After a sizzling 2013, Tesla Motors Inc (NASDAQ:TSLA) and Netflix, Inc. (NASDAQ:NFLX) remain Wall Street darlings, but Baupost President and CEO Seth Klarman thinks this is merely a byproduct of an extremely bullish market. In his latest letter to investors, a  copy of which was reviewed by ValueWalk, the tone was largely one of warning about growing bubbles, rising risk and “inadequate potential return almost everywhere one looks.” He also explained that it seems like technology companies are valued more for what they plan to do rather than what they have already done. (see part i and part ii here)

Tesla Motors TSLA

Building a “coalition of willing”

There’s no denying that last year was one of the best years for U.S., European and Japanese stocks in decades. As Klarman notes, key indexes S&P 500, the Dow Jones Industrial Average, the NASDAQ Composite and the Russell 2000 continued to post multi-year or record highs throughout the year. In fact, 2013 was the S&P 500’s best year since 1997. And he says the key drivers were the stocks of “fashionable companies” like Tesla Motors Inc (NASDAQ:TSLA) and Netflix, Inc. (NASDAQ:NFLX), which were driven up by investors willing to participate in the highly speculative bull market that’s been going on.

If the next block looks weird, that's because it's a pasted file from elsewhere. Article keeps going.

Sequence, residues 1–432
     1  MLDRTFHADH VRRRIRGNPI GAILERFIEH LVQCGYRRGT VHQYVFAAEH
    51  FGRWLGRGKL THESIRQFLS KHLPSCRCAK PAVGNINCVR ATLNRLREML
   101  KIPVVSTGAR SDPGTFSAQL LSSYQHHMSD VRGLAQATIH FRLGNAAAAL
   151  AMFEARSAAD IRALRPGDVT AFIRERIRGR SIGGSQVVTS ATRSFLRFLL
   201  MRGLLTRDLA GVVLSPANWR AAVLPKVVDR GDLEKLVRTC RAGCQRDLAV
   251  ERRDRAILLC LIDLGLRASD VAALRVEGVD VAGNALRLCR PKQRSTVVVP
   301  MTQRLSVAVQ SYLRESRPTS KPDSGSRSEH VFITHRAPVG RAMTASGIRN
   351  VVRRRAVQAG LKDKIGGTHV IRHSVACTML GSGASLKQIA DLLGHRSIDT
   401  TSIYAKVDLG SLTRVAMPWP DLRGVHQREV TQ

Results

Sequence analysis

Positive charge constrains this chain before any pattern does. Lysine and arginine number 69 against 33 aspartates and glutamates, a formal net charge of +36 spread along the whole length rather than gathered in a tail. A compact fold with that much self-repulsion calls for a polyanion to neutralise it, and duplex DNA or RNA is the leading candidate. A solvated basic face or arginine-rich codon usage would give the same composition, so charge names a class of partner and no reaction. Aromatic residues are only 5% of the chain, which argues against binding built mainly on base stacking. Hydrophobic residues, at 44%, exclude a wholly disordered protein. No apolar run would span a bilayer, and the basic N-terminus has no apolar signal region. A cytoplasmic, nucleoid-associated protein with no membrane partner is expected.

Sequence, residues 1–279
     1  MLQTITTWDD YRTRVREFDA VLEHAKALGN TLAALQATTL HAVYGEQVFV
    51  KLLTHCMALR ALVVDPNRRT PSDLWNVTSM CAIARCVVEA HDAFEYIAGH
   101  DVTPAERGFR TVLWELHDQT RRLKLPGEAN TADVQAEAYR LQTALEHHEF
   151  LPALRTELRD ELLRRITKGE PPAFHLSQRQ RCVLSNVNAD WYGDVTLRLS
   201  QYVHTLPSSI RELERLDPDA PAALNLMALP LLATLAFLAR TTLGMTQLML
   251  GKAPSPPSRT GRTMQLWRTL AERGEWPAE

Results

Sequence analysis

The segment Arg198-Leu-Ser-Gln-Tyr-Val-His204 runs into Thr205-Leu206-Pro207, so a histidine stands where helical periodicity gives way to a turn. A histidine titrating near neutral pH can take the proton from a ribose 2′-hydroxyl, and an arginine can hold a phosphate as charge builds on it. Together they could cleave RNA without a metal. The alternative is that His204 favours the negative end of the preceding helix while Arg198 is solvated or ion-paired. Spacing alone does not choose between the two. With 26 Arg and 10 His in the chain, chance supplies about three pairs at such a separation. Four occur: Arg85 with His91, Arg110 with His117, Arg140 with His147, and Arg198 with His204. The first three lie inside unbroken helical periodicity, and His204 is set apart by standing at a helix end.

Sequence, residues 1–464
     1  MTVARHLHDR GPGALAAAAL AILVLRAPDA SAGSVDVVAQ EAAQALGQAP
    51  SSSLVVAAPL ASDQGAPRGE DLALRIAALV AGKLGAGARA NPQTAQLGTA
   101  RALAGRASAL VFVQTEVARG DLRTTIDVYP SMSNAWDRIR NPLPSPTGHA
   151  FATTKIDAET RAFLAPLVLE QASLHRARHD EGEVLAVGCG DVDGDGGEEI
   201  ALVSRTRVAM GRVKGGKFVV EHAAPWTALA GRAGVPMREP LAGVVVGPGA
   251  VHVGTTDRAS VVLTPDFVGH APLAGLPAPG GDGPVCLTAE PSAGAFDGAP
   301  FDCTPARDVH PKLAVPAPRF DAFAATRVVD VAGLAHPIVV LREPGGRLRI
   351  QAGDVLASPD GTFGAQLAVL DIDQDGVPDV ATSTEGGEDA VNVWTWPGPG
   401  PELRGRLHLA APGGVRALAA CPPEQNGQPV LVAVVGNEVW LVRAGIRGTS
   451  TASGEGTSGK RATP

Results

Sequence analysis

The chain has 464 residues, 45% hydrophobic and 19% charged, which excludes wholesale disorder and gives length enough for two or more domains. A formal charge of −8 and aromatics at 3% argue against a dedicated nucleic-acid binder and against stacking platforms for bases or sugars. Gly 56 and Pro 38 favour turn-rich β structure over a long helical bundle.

Because of how bullish the markets were last year, he said favored stocks like those two companies and other “Internet favorites” like LinkedIn Corp (NYSE:LNKD) began to “become unmoored and unbounded.”

When business plans are worth more than profits

Klarman’s big problem with Tesla Motors Inc (NASDAQ:TSLA), Netflix, Inc. (NASDAQ:NFLX), and other cult stocks is the fact that their valuations appear to be based on speculation.  For example, he notes that Tesla’s P/E is around 279, while Netflix was valued at around 181 times estimated 2013 earnings. LinkedIn Corp (NYSE:LNKD) has a P/E of 145, while Amazon.com, Inc. (NASDAQ:AMZN), which has a $180 billion market capitalization, traded at  515 times estimated 2013 earnings.

He also pointed to Twitter Inc (NYSE:TWTR), which soared from $26 to $45 a share on the very first day of trading. It was priced “at only twenty times its projected 2015 revenue” and has yet to turn a profit. He says one analyst suggests that Twitter might reach $50 million in “adjusted” cash earnings this year, which makes its P/E more than 500.

In short, Klarman sums up his apparent exasperation at the high valuation of these technology companies quite well with this statement:

“In Silicon Valley, it seems that business plans – a narrative of how one intends to make money – are once again far more valuable than many actual businesses engaged in real world commerce and whose revenues exceed expenses.”

Of course bull markets will always come to an end eventually, but what we don’t know is when or exactly how much those speculative stocks will be affected. Such corrections can be just as spectacularly bad as they were spectacularly good, however.